2. not certain prudence is innate.

      3. The death rate per vehicle miles travelled has still fallen significantly since the 70s, even if we are riskier drivers.

        Overall this is a great thing for humanity. We’ve maybe not defeated HIV, but we’re heading that way after years of slow progress.

        1. Not banning enjoyable substances, thereby NOT decreasing demand for needles, and NOT butting into opium wars on the other side of the planet are libertarian platform staples. Voting LP is the best way to fight AIDS and coercive fanaticism all in one package. Pity this has taken so long to sink in.

      4. But I’m a sour-puss old grump, and worry about unintended consequences.

        Considering that the side effects of of reckless sex are never as severe as a death sentence, I’d say your concern is severely misplaced.

        And your analogy doesn’t support your point, because even if your claim that people drive more recklessly is true, it is a fact that deaths *have* gone down as we made cars safer.

        It’s nonsense to be so obsessed with the moral hazard of things people generally want to avoid naturally. Maybe the state will pay for repeated health problems, but in the meanwhile you have health problems. I tried to avoid STDs and unplanned pregnancy when I was single, but I avoided those things because I knew they would make me miserable, not because the state or someone else like my parents could pay to fix my mistakes.

        1. “Considering that the side effects of of reckless sex are never as severe as a death sentence, ”

          Actually, HIV was a demonstration that the side effects of reckless sex can, in fact, range all the way up to a death sentence.

      5. SQRLY

        The people in the study had no idea if the sex was risk free. In fact some did contract the disease from other partners and were excluded from the analysis.

        The point is that in relationships, so they started with couples and tracked them. A separate arm tracked hetero couples and found the same results. It is believed that unprotected anal sex between make homosexuals has the highest risk. That is probably true. So they took the highest risk group and tracked them.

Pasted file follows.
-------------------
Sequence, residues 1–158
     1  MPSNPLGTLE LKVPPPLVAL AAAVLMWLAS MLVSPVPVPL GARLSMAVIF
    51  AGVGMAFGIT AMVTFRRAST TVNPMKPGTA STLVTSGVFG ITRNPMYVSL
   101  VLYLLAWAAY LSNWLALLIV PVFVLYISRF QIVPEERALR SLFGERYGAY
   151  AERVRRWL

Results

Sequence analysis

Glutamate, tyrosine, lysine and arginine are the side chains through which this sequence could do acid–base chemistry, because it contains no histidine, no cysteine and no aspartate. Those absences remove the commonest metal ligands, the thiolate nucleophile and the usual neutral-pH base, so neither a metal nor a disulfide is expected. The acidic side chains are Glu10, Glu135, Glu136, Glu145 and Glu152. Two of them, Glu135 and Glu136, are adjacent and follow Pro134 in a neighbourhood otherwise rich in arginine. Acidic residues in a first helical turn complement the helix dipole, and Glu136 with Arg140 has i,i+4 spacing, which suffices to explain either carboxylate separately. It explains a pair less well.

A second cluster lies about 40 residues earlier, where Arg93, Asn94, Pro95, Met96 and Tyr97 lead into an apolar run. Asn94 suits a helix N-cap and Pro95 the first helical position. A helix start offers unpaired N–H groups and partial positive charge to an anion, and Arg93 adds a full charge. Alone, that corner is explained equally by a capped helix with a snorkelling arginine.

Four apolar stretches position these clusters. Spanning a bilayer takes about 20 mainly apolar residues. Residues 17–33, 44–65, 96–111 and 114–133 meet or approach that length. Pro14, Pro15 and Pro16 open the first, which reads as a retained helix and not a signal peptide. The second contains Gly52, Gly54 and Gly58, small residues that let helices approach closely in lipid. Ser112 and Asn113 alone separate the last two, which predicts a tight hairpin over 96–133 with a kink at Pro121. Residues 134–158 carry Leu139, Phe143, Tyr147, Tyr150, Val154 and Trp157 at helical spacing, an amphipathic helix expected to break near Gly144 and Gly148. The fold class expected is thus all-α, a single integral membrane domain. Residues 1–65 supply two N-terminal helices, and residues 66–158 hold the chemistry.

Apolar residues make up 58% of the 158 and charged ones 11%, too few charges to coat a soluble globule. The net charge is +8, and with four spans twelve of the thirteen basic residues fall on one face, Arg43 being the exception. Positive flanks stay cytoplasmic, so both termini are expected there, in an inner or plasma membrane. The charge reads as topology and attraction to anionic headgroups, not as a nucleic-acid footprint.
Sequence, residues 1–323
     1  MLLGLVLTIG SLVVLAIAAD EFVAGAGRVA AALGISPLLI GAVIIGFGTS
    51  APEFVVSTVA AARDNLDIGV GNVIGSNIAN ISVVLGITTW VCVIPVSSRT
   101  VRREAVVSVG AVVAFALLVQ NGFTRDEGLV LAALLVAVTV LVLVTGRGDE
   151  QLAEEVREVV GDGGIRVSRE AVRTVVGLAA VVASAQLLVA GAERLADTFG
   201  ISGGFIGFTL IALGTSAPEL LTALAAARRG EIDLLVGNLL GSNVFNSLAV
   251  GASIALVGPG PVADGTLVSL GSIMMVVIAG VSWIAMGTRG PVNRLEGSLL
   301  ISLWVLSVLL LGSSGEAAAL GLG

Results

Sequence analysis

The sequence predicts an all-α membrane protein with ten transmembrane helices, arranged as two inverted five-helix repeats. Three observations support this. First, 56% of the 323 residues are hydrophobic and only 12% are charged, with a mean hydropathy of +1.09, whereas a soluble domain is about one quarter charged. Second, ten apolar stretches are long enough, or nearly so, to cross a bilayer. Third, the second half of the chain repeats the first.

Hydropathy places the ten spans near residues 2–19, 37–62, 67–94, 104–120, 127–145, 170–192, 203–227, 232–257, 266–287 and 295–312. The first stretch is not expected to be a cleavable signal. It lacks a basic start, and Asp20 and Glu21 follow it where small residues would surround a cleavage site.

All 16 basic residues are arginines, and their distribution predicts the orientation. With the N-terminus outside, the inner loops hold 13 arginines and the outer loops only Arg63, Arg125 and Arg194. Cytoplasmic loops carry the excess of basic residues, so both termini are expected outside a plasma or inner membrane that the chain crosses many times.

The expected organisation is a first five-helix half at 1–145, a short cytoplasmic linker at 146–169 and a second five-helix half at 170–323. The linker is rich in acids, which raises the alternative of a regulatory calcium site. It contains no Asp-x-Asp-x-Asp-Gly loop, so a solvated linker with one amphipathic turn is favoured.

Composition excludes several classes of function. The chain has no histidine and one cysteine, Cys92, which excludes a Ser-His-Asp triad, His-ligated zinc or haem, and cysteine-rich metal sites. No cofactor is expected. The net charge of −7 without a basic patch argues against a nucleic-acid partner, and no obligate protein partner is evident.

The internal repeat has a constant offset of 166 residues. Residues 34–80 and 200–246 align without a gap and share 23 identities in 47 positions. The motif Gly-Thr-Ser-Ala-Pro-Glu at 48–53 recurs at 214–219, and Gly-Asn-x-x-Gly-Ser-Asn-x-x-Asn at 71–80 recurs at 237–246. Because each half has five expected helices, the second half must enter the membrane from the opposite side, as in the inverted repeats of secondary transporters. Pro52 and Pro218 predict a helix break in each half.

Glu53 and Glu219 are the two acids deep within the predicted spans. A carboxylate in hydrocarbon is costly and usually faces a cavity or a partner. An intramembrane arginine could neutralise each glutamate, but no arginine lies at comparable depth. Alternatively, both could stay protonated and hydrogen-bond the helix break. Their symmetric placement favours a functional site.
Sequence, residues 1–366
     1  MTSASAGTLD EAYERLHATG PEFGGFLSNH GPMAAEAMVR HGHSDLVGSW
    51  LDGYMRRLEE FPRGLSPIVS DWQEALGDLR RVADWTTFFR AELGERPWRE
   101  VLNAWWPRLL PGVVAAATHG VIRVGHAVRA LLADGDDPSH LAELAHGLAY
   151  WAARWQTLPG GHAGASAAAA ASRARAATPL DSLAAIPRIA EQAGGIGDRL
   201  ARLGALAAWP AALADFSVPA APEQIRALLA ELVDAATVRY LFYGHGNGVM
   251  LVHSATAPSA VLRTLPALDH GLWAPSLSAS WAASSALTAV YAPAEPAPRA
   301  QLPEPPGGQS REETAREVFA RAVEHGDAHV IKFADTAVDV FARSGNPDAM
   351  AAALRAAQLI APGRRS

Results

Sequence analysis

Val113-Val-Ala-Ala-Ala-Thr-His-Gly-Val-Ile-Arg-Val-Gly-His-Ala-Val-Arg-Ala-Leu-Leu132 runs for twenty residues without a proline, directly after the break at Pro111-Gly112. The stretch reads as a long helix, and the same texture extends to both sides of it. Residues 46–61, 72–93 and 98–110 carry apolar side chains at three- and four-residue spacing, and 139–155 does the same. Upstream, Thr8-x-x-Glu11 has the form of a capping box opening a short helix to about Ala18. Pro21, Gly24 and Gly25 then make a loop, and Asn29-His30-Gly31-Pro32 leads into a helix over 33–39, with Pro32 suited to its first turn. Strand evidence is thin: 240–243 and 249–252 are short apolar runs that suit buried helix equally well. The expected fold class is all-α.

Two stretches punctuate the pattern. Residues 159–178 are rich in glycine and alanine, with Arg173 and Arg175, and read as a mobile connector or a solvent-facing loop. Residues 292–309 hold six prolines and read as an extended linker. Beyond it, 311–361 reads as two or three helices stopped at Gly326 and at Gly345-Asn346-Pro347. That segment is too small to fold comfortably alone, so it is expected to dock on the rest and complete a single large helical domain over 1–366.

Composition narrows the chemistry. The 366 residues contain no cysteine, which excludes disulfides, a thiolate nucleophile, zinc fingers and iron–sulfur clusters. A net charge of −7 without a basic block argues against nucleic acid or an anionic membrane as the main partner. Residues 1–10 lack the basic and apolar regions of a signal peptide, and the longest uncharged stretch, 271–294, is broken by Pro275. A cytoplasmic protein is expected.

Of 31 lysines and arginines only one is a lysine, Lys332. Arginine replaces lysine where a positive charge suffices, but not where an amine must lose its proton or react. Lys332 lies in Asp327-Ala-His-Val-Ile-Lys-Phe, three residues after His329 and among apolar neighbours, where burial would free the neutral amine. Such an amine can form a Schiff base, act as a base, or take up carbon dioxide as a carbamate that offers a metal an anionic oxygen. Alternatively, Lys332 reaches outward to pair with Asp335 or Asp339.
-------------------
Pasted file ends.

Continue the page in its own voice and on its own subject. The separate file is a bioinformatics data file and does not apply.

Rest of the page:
Truth is people do what they do. You are worried this is a green light to take more risk. It is not. It is a study demonstrating with a high degree of confidence that those people taking and complying with the drug regimen have an unexpected result. Zero transmission in this cohort even when they did the unadvisable. It is astonishing really.

        As always other studies could show different results. No medical advice should come from a single study.

  2. 0However, the scientific detection of small amounts of HIV RNA in semen does not appear to correlate with risk of HIV transmission if plasma viral load is suppressed. This finding might be because the virus present is not whole virus, is not replication competent, or is present at insufficient levels to cause transmission.21

    That is interesting. So even though the virus can be detected in semen in some percent of people on the suppressive drugs it may be that the virus has been rendered inoperable in some way.

    Seems like another thing to look into.

  3. Sadly too late for some good folks, but great that they’ve found what looks like an effective weapon against this scourge.

  4. A key point to understand here, though, is that evolution doesn’t leave niches unoccupied. We got AIDS because people engaged in the sort of behavior that created an evolutionary niche for a disease like that.

    As the scare wears off, and the behavior resumes, expect some other horrific STD to fill the hole. The sort of people who got and transmitted HIV were also getting and transmitting other STDs. They were STD disease factories, basically.

    And are becoming that again, as they lose their fear of HIV.

    1. Rampant exchange of bodily fluids will be a major cause of society’s downfall. After AlDS, there will be NRS, then there will be UBT.

  5. To mohammedans in Africa the 1980s wrestling match between the U.S. and Soviet Great Satans were an opportunity to add local monkey virus to heroin and ship it to Afghanistan for distribution to both foreign troops. U.S. bureaucracies had already banned all manner of drug, prompting the use of needles, then been surprised by outbreaks–first of hepatitis, then HIV in every city that banned clean needles. Of course God’s Own Prohibitionists have since blamed it on godless homosexurals. This is dinned from every TV and newsrag in exchange for Nixon tax subsidies for the parties that passed those laws and urged that war.